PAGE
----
How Heart Smart Are You?

This "Take Wellness to Heart" quiz focuses on heart health issues relating to women, but theĀ  information is valuable to everyone.

This quiz will teach you some of the major risk factors for heart disease. The information itself won't change lives, but you can. So take charge of your own health and share what you know with others.

  1. Coronary heart disease develops gradually over many years and can easily go undetected.
    True or False?
  2. Women don't have to worry about cardiovascular disease. It's primarily a man's problem.
    True or False?
  3. If a woman has a heart attack, she is more likely to survive it than a man.
    True or False?
  4. Women are less likely to get heart disease after menopause than before.
    True or False?
  5. When men reach middle age, or about 55, their blood cholesterol levels starts to rise, but women's cholesterol levels seem to stabilize.
    True or False?
  6. African-American females are more likely than white females are to die from coronary heart disease or stroke.
    True or False?
  7. Which of the following is the single most important thing a woman can do to reduce her risk of heart attack?
    a) reduce stress
    b) start jogging
    c) reduce salt in her diet
    d) quit smoking
  8. Women smokers double their chances of having a heart attack over women who don't smoke.
    True or False?
  9. Women can reduce their risks of heart attack and stroke by following which of these lifestyle habits?
    a) quitting smoking
    b) exercising regularly
    c) eating a healthy low-fat diet
    d) controlling high blood pressure
    e) controlling cholesterol levels
    f) maintaining their ideal weight
    g) getting regular medical check-ups
    h) all of the above
  10. Women with heart disease have a lower risk of stroke.
    True or False?
  11. Compliance is an important way to improve cardiovascular health and increase heart disease and stroke survival rates.
    True or False?

Scroll down for answers

  1. True.
    Coronary heart disease takes years to develop and in the case of women, it takes almost a decade longer to show up. By then a woman is often concerned with other health problems such as cancer, arthritis or osteoporosis. These diseases tend to draw attention away from the steadily ticking time bomb of heart disease.
  2. False.
    Coronary heart disease is the number 1 killer of American women. Of the over 481,000 coronary heart disease deaths that occur each year, almost half (236,000) are females. In 1995 over 96,000 females died from stroke, accounting for 61 percent of all stroke deaths.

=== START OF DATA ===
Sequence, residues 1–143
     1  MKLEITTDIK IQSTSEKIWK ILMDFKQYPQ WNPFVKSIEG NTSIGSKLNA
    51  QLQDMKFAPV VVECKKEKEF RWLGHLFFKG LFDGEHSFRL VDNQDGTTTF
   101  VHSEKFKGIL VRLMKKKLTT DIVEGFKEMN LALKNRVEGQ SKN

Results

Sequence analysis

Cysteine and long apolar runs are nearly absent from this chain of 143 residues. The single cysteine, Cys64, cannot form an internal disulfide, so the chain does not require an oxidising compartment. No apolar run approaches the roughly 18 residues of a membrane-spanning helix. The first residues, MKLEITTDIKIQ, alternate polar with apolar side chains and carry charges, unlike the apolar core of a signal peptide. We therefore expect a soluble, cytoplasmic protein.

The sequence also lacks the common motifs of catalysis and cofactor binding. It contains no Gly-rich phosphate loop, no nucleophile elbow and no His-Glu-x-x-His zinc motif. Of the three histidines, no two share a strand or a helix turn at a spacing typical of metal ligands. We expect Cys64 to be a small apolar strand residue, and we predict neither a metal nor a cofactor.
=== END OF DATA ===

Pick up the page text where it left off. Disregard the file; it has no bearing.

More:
3. False.
    Women have lower chances of surviving heart attacks than men. Studies show that 44 percent of women die within a year compared with 27 percent of men. At older ages, women who have heart attacks are twice as likely as men are to die from them within a few weeks.
  4. False.
    Many women before menopause seem to be protected from the risk of heart attack and stroke, perhaps by the hormone estrogen, which raises HDL, "good cholesterol," while lowering LDL, "bad cholesterol." But as women reach menopause at about age 55, the average woman's blood cholesterol begins to rise. After menopause, women's risk of heart attack and stroke continues to rise with age. Loss of estrogen appears to be a significant contributor to women developing heart disease after menopause.
  5. False.
    Quite the opposite. Most men's cholesterol levels become more stable around age 55, while both LDL, "bad cholesterol" and total cholesterol levels in most women start to rise.
  6. True.
    The death rate for African-American females from coronary heart disease is more than 35 percent higher than the rate for white females. Death rate from stroke is 71 percent higher for African-American females than for Caucasian females.
  7. d) quit smoking
    Today 23.5 million American women smoke. Smoking is the greatest single preventable cause of death. For women, smoking is the biggest preventable risk factor for heart attack and stroke.
  8. True.
    Women who smoke have more than twice the heart attack risk as nonsmoking women.
  9. h) all of the above.
    Many of the risks for cardiovascular diseases are controllable through healthy life habits. If women take control of their lives and choose habits that promote heart health, they can help prevent heart disease and stroke.
  10. False.
    Coronary heart disease is a major risk factor for stroke.
  11. True.

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